Google Fined $25K for Obstructing FCC’s Street View Investigation

Google Street View Cars Tricycle India

Google escaped penalties associated with the Federal Communications Commission’s electronic eavesdropping law in the agency’s investigation of private user data collection through Street View mapping. There simply isn’t a precedent for applying the law to unsecured Wi-Fi networks.

However, the FCC did propose a $25,000 fine against Google. The search company “deliberately impeded and delayed” the investigation into the 2010 incident for several months, according to a Saturday FCC news release.

According to the FCC, Google was reluctant to cooperate with investigators. An engineer who developed the Street View code chose to use his Fifth Amendment right to avoid self-incrimination and refused to provide testimony.

In a statement to the Wall Street Journal, a Google spokesperson said, “We worked in good faith to answer the FCC's questions throughout the inquiry, and we are pleased that they have concluded that we complied with the law."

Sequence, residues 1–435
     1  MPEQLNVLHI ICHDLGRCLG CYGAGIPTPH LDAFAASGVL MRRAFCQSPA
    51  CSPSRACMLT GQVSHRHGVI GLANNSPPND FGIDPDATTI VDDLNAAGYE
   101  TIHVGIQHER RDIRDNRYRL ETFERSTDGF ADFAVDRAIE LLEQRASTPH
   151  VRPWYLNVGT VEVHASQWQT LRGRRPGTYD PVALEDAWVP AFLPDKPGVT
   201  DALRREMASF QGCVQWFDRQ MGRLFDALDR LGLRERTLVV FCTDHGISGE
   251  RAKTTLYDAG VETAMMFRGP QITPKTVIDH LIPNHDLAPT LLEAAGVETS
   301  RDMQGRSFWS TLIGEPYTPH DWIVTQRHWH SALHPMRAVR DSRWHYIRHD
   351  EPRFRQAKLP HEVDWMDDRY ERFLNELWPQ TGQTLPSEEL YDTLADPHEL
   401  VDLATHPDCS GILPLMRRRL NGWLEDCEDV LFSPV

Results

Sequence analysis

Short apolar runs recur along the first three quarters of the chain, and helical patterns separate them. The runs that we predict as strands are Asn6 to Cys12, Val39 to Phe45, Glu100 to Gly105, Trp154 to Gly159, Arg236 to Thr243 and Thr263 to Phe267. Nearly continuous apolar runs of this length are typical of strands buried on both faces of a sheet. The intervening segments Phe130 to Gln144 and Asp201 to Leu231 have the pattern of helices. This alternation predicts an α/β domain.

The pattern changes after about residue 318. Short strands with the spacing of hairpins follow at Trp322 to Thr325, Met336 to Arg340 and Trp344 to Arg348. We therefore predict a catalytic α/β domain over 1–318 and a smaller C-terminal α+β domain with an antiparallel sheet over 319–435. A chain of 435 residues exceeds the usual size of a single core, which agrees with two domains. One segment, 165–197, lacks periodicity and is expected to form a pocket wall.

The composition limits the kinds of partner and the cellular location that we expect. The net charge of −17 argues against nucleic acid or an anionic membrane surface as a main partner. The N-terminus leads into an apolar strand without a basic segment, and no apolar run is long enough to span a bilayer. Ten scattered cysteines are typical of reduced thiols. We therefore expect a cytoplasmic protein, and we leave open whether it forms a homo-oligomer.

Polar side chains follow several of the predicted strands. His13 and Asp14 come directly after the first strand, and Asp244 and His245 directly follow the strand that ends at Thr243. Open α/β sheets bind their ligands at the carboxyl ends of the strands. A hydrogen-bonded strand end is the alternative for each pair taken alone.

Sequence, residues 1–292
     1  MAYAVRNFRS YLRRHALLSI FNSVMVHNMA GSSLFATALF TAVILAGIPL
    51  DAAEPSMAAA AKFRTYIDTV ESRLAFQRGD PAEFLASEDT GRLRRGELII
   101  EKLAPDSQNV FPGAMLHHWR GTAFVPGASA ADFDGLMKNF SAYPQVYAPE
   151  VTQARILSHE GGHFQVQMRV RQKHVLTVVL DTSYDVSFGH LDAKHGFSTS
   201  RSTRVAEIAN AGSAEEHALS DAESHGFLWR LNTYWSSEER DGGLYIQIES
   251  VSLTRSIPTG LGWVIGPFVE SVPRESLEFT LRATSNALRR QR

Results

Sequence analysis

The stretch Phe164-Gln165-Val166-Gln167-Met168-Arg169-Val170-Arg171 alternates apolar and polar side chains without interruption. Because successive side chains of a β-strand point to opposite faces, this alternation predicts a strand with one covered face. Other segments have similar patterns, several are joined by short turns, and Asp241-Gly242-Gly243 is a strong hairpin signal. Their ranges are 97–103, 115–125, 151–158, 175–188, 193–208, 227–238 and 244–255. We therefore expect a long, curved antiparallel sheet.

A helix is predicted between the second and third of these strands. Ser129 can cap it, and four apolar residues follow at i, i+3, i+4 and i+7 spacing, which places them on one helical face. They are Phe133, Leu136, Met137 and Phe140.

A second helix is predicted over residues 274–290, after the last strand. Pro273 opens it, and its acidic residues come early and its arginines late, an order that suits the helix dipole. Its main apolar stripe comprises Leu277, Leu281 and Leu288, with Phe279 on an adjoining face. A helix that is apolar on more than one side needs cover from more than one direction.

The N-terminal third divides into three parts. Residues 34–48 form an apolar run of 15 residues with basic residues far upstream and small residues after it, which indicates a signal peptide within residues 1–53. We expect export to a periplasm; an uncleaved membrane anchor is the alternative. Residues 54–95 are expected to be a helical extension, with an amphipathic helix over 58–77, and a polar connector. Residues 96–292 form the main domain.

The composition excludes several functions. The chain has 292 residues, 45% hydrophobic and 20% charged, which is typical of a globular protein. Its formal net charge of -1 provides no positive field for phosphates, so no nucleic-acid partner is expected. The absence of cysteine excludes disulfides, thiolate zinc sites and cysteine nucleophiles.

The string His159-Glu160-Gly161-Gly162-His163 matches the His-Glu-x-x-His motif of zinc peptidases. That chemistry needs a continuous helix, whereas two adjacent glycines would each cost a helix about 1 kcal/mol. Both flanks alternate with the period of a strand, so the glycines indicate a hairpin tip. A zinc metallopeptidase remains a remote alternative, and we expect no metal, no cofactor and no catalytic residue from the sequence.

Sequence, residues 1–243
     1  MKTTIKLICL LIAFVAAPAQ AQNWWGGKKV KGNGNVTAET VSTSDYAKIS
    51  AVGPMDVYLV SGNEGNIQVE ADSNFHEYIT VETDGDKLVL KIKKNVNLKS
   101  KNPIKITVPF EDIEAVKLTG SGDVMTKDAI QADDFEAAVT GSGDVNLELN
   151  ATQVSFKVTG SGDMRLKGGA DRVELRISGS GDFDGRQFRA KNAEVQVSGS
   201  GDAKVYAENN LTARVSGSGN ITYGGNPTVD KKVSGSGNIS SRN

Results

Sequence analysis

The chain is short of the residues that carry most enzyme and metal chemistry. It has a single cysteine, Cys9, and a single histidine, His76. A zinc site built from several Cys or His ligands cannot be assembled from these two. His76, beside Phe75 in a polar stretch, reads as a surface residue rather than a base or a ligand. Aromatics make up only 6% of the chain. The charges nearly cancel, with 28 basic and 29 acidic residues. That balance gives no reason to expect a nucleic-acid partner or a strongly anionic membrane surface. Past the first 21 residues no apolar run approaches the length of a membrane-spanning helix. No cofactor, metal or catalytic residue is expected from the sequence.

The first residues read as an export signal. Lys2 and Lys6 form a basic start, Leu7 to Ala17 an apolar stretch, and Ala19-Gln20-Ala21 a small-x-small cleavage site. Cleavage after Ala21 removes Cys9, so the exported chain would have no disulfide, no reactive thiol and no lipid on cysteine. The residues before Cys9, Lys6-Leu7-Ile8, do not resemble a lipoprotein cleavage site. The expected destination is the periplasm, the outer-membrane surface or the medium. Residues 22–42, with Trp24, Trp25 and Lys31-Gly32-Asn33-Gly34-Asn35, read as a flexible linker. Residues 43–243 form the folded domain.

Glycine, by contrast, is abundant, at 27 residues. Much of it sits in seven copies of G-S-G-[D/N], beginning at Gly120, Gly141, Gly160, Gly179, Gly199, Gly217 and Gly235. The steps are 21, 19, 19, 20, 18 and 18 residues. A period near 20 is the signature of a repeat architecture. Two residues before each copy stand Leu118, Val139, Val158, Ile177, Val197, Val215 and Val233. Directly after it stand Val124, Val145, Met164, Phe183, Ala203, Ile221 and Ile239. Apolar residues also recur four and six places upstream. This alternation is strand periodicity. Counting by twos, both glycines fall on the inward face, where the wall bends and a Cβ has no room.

Google will have the opportunity to appeal the FCC’s fine.

About the author

A member of the Professional Writer's Association of Canada, Miranda has authored more than 60 e-books, 300 client projects, and thousands of articles and blog posts for clients ranging from SMBs to government agencies and Fortune 100 companies.

Miranda studied e-commerce at Athabasca University and specializes in marketing, business and educational material. She currently assists the Province of Ontario Ministries of Research & Innovation and Economic Development, Trade & Employment with their copywriting and SEO goals. She is one of a handful of Canadian consultants experienced with Ontario's new adult literacy curriculum framework and as such, is contracted by literacy agencies and publishing houses to develop new learning material.